Define a variable containing a tuple.


In order to decide to make a decision in Haskell you can branch in many different ways. Two simple ways are with if statements, and case statements.

sunny = True

umbrellasToBring =
  if sunny
    then 1
    else 0

kindOfBagRequired =
  case umbrellasToBring
    of 0 -> "satchel"
       1 -> "backpack"
       x -> "duffle"

Another way to perform branching is with pattern-matching which we will discuss shortly.

It's worth noting that Haskell is white-space sensitive. In general, you can add a new-line and indent in-order to continue an expression, however there are several gotchas. See the indentation page on the wiki for more information.


Functions are a core part of Haskell. Function definition and invocation look like this:

-- Definition:
myFunction x y ... = ...

-- Invocation:
... myFunction 1 2 ...

This is different to what you might be familiar from a c-familiy language such as Javascript:

// Definition:
function javascriptFunction(a,b ...) { ... }

// Invocation:

For example:

myAdd x y = x + y

myAdd takes two numbers and returns the result of the addition of those two numbers.

If you wish to use another function application as an
argument, then you will usually have to enclose it in
a pair of parentheses.

For example:

Prelude> myAdd (myAdd 5 4) 3
Define a function `myMultiply` that multiplies 3 numbers.
myMultiply x y z = x * y * z
Use your `myMultiply` function to multiply `4`, `5` and `6734`.
Prelude> myMultiply 4 5 6734
There is also an inline-function lambda-syntax:

	\{args...} -> {value}

Here is an example of an "addOne" function:

	Prelude> (\x -> x + 1) 2

Pattern Matching

One fairly unique feature of ML family languages like Haskell is a dedicated syntax for "pattern-matching". Pattern matching is the practice of deconstructing and dispatching on a value at the time of assignment. Deconstruction and dispatching are orthogonal features, but they are often used together. Deconstruction can take the place of a great deal of "accessor-function" style programming, while dispatching can replace many conditional-branching constructs.


Drawing on our tuple example, here is a definition that gets the second element of a tuple:

getSecondElement (e1,e2) = e2

This would be equivalent to:

-- `snd` gets the second element of a tuple.
getSecondElementEquiv t = snd t


Dispatching on a boolean argument instead of using an if statement:

multiplyByFiveIfTrue x True  = x * 5
multiplyByFiveIfTrue x False = x

This would be equivalent to:

multiplyByFiveIfTrue x b  =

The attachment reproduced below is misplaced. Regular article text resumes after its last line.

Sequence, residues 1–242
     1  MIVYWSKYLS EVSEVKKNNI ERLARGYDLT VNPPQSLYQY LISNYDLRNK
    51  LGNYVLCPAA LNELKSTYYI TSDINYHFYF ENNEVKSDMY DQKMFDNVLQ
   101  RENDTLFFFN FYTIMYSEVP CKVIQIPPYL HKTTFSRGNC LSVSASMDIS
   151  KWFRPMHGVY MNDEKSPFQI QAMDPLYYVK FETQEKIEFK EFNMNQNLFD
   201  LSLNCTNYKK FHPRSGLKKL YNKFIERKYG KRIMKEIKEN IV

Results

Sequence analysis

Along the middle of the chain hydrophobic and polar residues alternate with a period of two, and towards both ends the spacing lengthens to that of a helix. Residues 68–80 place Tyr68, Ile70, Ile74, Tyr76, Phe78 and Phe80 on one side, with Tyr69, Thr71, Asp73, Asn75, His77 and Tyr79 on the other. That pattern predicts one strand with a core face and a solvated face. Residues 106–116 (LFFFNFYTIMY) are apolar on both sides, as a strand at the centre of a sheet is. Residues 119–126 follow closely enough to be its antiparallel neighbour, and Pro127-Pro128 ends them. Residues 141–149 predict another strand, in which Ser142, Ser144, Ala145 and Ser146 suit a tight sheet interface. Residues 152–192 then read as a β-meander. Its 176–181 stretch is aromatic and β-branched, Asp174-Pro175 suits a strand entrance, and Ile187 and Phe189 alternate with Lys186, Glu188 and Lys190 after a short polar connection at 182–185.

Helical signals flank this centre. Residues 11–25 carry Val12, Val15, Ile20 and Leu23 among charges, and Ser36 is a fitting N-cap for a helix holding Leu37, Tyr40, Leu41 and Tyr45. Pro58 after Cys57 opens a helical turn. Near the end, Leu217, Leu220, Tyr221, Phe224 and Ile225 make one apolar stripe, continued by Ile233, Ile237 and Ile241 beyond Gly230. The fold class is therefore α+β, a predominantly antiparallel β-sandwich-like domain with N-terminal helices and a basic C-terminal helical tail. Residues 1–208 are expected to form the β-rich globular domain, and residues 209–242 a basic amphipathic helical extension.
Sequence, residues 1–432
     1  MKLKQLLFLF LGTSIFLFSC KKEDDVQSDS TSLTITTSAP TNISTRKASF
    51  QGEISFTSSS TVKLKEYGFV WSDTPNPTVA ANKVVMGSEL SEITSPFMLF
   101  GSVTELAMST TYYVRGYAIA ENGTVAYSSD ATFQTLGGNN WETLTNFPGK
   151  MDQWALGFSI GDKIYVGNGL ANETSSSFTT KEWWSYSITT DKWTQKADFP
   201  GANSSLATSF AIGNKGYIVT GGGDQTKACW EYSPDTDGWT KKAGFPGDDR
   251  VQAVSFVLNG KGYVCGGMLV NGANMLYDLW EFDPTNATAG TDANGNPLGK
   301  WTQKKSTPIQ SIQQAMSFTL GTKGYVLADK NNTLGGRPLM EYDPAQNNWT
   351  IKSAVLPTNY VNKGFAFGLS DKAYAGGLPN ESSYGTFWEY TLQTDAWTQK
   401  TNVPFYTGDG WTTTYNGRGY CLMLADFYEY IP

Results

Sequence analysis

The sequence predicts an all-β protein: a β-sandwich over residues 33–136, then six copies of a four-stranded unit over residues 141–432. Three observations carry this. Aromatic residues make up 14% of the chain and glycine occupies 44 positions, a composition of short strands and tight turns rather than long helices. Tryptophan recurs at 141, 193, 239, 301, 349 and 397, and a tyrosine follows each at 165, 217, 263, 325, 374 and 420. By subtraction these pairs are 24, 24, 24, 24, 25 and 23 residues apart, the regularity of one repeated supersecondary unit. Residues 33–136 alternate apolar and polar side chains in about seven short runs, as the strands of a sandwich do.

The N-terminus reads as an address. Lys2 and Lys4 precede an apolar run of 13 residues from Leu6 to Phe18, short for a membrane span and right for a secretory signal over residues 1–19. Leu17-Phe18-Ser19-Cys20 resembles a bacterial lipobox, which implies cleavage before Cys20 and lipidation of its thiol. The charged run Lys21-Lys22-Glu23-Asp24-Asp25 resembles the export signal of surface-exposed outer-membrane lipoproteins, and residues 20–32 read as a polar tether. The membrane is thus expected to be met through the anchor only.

if b then x * 5
       else x

Another interesting use-case for dispatch is numbers!

ackermann 0 y = y + 1
ackermann x 0 = ackermann (x-1) 1
ackermann x y = ackermann (x-1) (ackermann x (y-1))

Combining Deconstruction and Dispatch

Here is an example combining both deconstruction and dispatch, but taking a tuple argument with a number in the first position and a boolean in the second. The number is used in the definition, and the boolean is used to dispatch:

multiplyByFiveIfTrueTuple (x,True)  = x * 5
multiplyByFiveIfTrueTuple (x,False) = x

This would be equivalent to:

multiplyByFiveIfTrueTupleEquiv t =
  if (snd t) then (fst t) * 5
             else (fst t)

While you can use pattern-matching in function-definitions, you can also use it wherever you bind a value, such as case-statements, where and let blocks, and do-notation. You don't have to use pattern-matching in all cases, and sometimes it's easier to just use an if statement. That's fine! Pattern-matching simply looks a little cleaner in some cases.

Local Definitions with let and where

If you wish to create local variable definitions in order to simplify your functions or reduce computation, then you can use let bindings:

amountOfCatFoodLet =
    days = 21
    servingsPerDay = 2
    numberOfCats = 3
    numberOfServings = numberOfCats * servingsPerDay * days
    servingSize = 100 -- grams
  in numberOfServings * servingSize

Or with where bindings:

amountOfCatFoodWhere = numberOfServings * servingSize
    days = 21
    servingsPerDay = 2
    numberOfCats = 3
    numberOfServings = numberOfCats * servingsPerDay * days
    servingSize = 100 -- grams

Importing Modules

Some functions that you may wish to use aren't part of the Prelude, so you will have to import the modules which they reside in.

This can be done in both your source-code, and GHCi with the import keyword, although the imports in your source have to be close to the top of the file.

import Data.Char                  -- Access to all Data.Char functions
import Data.Char as DCH           -- Name the import for later use
import qualified Data.Char as D   -- Only allow qualified references
import Data.Char (toUpper)        -- Only import a set of functions
import Data.Char hiding (isDigit) -- Hide certain functions

Try using Hoogle to search for functions and the modules where they live!

An example of using module imports:

Prelude> import Data.Char (toUpper)
Prelude> reverse (map toUpper "hello")


Lists are a commonly used data-structure in Haskell. Everything in a list has the same type (they are homogeneous).

Lists are built using the infix data-constructor (:) (pronounced "cons"). They also have a compact notation using [...].

List literals look like:

list1 = [1,2,3]
list2 = 1 : 2 : []
list3 = "hello" : "world" : []

More information about why lists can be used the way that they are is contained in the ADTs chapter.

Define a variable containing a list.
myList = [1,2,3]

You can deconstruct a list by pattern matching the head and tail as in the case of this function definition:

f (x:xs) = something something ...
Define a function to get the first element of a list.
myHead (x:xs) = x -- This is a partial function, Beware!

In Prelude this function is called head.

"head" is a partial function - It will raise an exception if
called with an empty list.

In Haskell we generally wish to avoid defining partial functions.

Define a variable containing the first element of your list.